Continous Flow (Chain) Sampling Plans


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Chain (Continuous) Sampling

Subject: Re: Q: Chain sampling /Fackelmann/Isackson
Date: Mon, 26 Oct 1998 09:55:19 -0600
From: ISO Standards Discussion

Subject: Re: Q: Chain sampling /Fackelmann/Isackson

Peter Fackelman posted (in part):

>Could a kind soul give me a pointer to a (MIL?) standard about chain sampling?

I am unaware of a MIL-STD for Ch-Sp plans. There is (or was) a handbook H106, "Multilevel Continuous Sampling..." for special cases when the quality is known to be better than some AOQL. There are Bayesian procedures as well.

The original work on chain sampling was done by Horace Dodge who published several papers on it in the '50's. However, the ASQ published a quite respectable monograph on it by Kenneth Stevens, "How to Perform Skip-Lot and Chain Sampling." It is still available from that organization, 800 248 1946.

Kwena mzuri,

Frank Isackson

Don Winton

For anyone interested, additional info regarding chain sampling can be found at Juran's QC Handbook, 4th Edition at pages 25.37-25.39 or Grant and Leavenworth's Statistical Quality Control, 6th Edition at pages 509-512. I do not have any of Dodge's original papers right off hand, but if I find them, I will post availability.



Continous Flow Sampling Plans

I currently use a C=0 sampling plan with a default AQL of 4.0 for visual inspections on the production floor. Production is moving from batch processing to continous flow. Where can I find information for developing a sampling plan to use in a continous flow process as opposed to a batch process?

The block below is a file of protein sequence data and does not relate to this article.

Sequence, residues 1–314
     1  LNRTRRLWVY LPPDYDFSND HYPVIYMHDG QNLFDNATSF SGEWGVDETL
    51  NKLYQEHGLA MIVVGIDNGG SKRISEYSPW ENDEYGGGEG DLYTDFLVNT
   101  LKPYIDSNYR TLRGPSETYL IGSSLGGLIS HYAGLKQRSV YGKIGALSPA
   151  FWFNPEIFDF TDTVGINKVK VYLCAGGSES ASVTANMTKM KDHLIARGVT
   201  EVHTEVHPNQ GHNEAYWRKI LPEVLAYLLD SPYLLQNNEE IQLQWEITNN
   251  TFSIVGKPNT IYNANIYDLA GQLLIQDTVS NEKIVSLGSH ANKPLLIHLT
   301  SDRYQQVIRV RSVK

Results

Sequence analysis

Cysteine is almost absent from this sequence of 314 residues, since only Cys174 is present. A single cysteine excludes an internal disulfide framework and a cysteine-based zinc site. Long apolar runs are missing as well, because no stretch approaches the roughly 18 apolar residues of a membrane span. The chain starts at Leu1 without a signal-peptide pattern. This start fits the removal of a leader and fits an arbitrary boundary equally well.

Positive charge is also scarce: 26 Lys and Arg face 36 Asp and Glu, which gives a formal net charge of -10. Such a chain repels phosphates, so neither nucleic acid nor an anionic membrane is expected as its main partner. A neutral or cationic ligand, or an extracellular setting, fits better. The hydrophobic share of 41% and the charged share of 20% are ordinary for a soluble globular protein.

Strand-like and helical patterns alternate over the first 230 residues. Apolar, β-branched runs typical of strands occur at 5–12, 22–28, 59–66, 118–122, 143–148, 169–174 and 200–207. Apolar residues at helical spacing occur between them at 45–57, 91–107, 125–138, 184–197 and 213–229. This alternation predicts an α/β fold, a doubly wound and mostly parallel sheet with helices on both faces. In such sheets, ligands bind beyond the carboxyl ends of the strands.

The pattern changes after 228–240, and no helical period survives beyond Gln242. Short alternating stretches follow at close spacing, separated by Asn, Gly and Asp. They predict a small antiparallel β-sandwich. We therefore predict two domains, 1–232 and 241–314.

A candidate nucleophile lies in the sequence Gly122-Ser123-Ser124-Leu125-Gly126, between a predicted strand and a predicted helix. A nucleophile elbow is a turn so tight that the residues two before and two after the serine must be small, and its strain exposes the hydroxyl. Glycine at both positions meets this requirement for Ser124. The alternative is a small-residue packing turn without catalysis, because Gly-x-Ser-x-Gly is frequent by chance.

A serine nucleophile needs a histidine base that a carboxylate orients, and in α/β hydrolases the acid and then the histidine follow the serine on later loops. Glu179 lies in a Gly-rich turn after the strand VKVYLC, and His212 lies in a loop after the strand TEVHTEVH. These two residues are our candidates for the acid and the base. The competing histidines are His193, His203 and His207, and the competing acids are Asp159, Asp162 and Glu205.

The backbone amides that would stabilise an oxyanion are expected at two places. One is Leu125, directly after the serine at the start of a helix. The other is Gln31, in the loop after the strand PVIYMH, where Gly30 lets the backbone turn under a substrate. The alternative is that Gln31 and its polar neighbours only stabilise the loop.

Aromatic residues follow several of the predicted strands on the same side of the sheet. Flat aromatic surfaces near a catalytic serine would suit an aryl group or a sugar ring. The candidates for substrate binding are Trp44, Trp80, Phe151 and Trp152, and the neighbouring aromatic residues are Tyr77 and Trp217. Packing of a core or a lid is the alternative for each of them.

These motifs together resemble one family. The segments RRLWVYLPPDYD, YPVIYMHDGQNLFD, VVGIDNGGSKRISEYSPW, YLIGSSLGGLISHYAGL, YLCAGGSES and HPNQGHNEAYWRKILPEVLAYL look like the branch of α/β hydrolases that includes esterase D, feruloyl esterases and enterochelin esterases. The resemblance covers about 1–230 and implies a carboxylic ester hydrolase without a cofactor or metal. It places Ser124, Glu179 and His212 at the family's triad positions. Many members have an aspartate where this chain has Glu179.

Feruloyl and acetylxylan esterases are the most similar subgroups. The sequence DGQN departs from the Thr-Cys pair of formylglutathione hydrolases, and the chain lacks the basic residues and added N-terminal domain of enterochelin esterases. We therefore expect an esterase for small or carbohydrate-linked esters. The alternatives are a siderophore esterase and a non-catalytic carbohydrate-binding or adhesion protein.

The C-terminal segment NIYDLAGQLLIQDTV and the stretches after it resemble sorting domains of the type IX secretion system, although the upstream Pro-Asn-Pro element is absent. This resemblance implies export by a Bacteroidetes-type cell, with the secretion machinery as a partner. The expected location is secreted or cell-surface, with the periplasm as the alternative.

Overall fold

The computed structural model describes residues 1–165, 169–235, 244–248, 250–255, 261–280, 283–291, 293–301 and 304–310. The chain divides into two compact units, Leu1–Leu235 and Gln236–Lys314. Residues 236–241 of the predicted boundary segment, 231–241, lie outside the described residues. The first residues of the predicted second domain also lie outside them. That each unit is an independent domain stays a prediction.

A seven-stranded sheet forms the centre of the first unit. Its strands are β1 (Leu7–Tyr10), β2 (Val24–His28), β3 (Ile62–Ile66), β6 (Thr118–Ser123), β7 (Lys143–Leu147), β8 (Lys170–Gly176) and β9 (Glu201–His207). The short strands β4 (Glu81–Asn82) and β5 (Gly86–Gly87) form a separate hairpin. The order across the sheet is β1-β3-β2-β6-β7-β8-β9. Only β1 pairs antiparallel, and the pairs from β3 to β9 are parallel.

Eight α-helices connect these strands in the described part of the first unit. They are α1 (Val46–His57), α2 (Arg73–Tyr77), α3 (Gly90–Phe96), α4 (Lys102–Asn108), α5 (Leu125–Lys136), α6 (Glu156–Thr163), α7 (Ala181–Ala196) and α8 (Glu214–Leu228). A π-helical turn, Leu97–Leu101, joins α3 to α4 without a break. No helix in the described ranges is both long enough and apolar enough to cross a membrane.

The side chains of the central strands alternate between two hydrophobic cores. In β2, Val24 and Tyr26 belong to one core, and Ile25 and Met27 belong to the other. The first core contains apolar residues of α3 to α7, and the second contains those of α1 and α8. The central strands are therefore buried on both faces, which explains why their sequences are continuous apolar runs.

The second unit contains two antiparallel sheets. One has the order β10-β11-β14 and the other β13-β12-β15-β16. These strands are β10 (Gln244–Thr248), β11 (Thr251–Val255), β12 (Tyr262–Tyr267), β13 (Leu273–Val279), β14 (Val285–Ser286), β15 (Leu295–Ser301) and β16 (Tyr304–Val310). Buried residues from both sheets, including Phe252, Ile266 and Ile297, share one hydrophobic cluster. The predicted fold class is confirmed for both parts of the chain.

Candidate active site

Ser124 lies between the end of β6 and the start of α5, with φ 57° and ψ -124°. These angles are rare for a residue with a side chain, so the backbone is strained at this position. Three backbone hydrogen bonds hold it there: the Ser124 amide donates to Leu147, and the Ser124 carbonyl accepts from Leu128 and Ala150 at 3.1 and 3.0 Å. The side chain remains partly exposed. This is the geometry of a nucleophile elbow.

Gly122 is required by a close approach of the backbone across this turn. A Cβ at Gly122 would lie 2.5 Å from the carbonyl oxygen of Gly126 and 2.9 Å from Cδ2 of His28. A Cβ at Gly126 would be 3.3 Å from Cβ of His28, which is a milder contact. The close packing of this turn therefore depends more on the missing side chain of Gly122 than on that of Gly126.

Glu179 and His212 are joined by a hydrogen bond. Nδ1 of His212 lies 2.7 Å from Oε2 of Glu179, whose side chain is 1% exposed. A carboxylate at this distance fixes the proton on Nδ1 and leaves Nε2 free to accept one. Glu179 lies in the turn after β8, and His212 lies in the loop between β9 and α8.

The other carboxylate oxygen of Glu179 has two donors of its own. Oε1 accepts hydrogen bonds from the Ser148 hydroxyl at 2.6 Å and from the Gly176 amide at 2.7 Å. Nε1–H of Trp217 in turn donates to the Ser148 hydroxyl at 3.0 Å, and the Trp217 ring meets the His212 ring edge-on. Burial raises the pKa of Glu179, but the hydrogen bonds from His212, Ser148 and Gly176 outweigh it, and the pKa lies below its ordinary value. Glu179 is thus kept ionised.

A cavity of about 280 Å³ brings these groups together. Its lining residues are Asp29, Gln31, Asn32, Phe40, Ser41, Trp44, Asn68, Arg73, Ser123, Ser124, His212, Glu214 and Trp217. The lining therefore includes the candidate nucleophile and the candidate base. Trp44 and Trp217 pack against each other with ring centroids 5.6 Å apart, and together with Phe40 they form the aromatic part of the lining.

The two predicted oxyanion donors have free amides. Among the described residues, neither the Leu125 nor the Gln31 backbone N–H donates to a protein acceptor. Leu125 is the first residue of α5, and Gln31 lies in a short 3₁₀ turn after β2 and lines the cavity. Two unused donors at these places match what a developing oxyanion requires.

Johnny Jewel

There is an ASQ publication, “How to Perform Continuous Sampling (CSP)” by Kenneth Stephens. Some of the sampling schemes it considers are from the old MIL-STD-1235C, which, for some reason, was not carried over to be an ANSI/AQC specification as, for instance, MIL-STD-105E was. Juran’s 3rd Edition is good also; from the 4th on, too much condensation was done to be of much value.

My organization studied continuous sampling during the development of a new product line. Our historical assembly method was by 1 person start-to-finish. The new product was concurrently designed with a new assembly line production process, and testing was changed from batch method (105E) to a continuous sampling plan. CSP-V met our requirements and has been in use for about 4 years.

The scary part of CSP’s is the requirement of 100% inspection at the beginning and whenever a non-conformance is detected. This can make the concept a hard sell, and growing into the plan can be agonizing. Batching for this product/assembly line would have been completely artificial, considering the nature of part flow to the line and the way the product is adjusted during/after assembly. One feature that is designed into the plans is that there is no retrieval when a non-conformance is detected. Depending on the plan chosen, you either immediately re-sample for verification or go immediately to 100% inspection until some clearance number of continuous OK product is reached. Then you go back to sampling. There are trade-offs among the types of plans, the main one being that as the % sampled decreases, the clearance number gets larger and vice-versa.

The good news for us was that the product was robust for the characteristic tested. At least that is how some have viewed the experience. There also was a big incentive to develop the product – tune it, continuously improve it -- to keep it out of the dreaded 100% inspection. In other words, we may have more confidence in this product because of the sampling plan that was chosen.

Don Winton

This site <A HREF="" TARGET="_blank"></A> has some good stuff on sampling.

This site <A HREF="" TARGET="_blank"></A> has some standards for download that may be of use.



I was better but I got over it.
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